Development and Characterisation of a Gas System and its Associated Slow-Control System for an ATLAS Small-Strip Thin Gap Chamber Testing Facility

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    A quality assurance and performance qualification laboratory was built at McGill University for the Canadian-made small-strip Thin Gap Chamber (sTGC) muon detectors produced for the 2019-2020 ATLAS experiment muon spectrometer upgrade. The facility uses cosmic rays as a muon source to ionise the quenching gas mixture of pentane and carbon dioxide flowing through the sTGC detector. A gas system was developed and characterised for this purpose, with a simple and efficient gas condenser design utilizing a Peltier thermoelectric cooler (TEC). The gas system was tested to provide the desired 45 vol% pentane concentration. For continuous operations, a state-machine system was implemented with alerting and remote monitoring features to run all cosmic-ray data-acquisition associated slow-control systems, such as high/low voltage, gas system and environmental monitoring, in a safe and continuous mode, even in the absence of an operator.Comment: 23 pages, LaTeX, 14 figures, 4 tables, proof corrections for Journal of Instrumentation (JINST), including corrected Fig. 8b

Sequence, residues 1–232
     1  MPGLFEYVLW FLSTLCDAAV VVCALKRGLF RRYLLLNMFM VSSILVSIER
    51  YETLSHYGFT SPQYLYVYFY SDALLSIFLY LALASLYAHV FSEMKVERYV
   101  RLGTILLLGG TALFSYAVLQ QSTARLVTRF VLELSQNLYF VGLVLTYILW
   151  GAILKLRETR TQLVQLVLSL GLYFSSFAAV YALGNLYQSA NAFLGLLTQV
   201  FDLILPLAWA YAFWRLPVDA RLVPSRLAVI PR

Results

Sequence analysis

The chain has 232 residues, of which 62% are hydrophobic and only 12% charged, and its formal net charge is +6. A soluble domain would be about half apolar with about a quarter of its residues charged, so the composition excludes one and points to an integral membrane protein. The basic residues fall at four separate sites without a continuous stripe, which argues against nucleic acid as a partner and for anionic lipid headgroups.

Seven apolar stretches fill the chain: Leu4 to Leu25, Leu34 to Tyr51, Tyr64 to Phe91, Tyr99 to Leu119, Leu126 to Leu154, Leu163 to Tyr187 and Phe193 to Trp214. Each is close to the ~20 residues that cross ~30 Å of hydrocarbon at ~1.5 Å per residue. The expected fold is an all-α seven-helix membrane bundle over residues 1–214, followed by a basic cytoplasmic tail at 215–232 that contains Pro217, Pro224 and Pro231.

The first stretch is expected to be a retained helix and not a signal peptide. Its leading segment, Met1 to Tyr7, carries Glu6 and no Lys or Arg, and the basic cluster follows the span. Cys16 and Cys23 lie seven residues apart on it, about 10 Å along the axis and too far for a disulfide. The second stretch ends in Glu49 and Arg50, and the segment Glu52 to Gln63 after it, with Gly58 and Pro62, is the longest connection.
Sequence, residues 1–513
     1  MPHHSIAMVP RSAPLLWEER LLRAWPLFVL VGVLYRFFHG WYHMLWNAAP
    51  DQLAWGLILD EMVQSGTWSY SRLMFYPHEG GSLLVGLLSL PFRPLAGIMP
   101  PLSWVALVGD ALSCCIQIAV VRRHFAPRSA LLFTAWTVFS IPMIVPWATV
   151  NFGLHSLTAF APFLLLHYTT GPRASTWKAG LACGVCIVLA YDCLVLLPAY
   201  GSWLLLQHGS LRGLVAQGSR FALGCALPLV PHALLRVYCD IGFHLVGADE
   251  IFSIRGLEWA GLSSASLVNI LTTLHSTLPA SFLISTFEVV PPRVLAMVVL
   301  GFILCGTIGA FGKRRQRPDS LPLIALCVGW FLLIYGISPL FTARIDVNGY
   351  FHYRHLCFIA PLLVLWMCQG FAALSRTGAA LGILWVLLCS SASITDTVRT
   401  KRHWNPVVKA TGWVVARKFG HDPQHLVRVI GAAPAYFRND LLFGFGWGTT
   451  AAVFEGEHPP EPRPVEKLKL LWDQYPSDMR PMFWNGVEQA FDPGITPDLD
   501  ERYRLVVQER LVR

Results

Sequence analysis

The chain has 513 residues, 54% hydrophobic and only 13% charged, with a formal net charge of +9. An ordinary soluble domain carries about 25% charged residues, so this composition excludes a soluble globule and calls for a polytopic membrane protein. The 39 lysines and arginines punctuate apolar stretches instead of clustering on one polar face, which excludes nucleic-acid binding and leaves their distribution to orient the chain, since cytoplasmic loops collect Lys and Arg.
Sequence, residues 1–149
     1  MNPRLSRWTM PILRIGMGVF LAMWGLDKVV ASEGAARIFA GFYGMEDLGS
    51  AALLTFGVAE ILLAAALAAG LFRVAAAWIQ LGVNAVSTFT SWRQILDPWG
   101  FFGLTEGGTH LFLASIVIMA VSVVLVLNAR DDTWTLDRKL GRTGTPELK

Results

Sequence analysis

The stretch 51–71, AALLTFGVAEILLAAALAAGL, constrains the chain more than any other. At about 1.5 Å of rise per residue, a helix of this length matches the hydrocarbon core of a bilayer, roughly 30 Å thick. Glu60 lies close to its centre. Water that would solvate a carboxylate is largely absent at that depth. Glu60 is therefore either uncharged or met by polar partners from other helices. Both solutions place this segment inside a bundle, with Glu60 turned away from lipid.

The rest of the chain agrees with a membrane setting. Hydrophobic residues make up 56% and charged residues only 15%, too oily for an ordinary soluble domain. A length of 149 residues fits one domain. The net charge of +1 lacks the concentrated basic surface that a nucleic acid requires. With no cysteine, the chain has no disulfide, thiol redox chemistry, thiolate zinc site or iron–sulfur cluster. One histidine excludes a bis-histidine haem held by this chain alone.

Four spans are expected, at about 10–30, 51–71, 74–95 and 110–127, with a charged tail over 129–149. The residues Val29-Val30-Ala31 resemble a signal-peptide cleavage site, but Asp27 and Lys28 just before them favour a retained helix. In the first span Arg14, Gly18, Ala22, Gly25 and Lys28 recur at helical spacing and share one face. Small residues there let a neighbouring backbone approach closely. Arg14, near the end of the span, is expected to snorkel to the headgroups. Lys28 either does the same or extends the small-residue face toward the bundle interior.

Background risk of breast cancer and the association between physical activity and mammographic density

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    This work is licensed under a Creative Commons Attribution 4.0 International License. The images or other third party material in this article are included in the article’s Creative Commons license, unless indicated otherwise in the credit line; if the material is not included under the Creative Commons license, users will need to obtain permission from the license holder to reproduce the material. To view a copy of this license, visit http://creativecommons.org/licenses/ by/4.0

    Interaction between vortices in models with two order parameters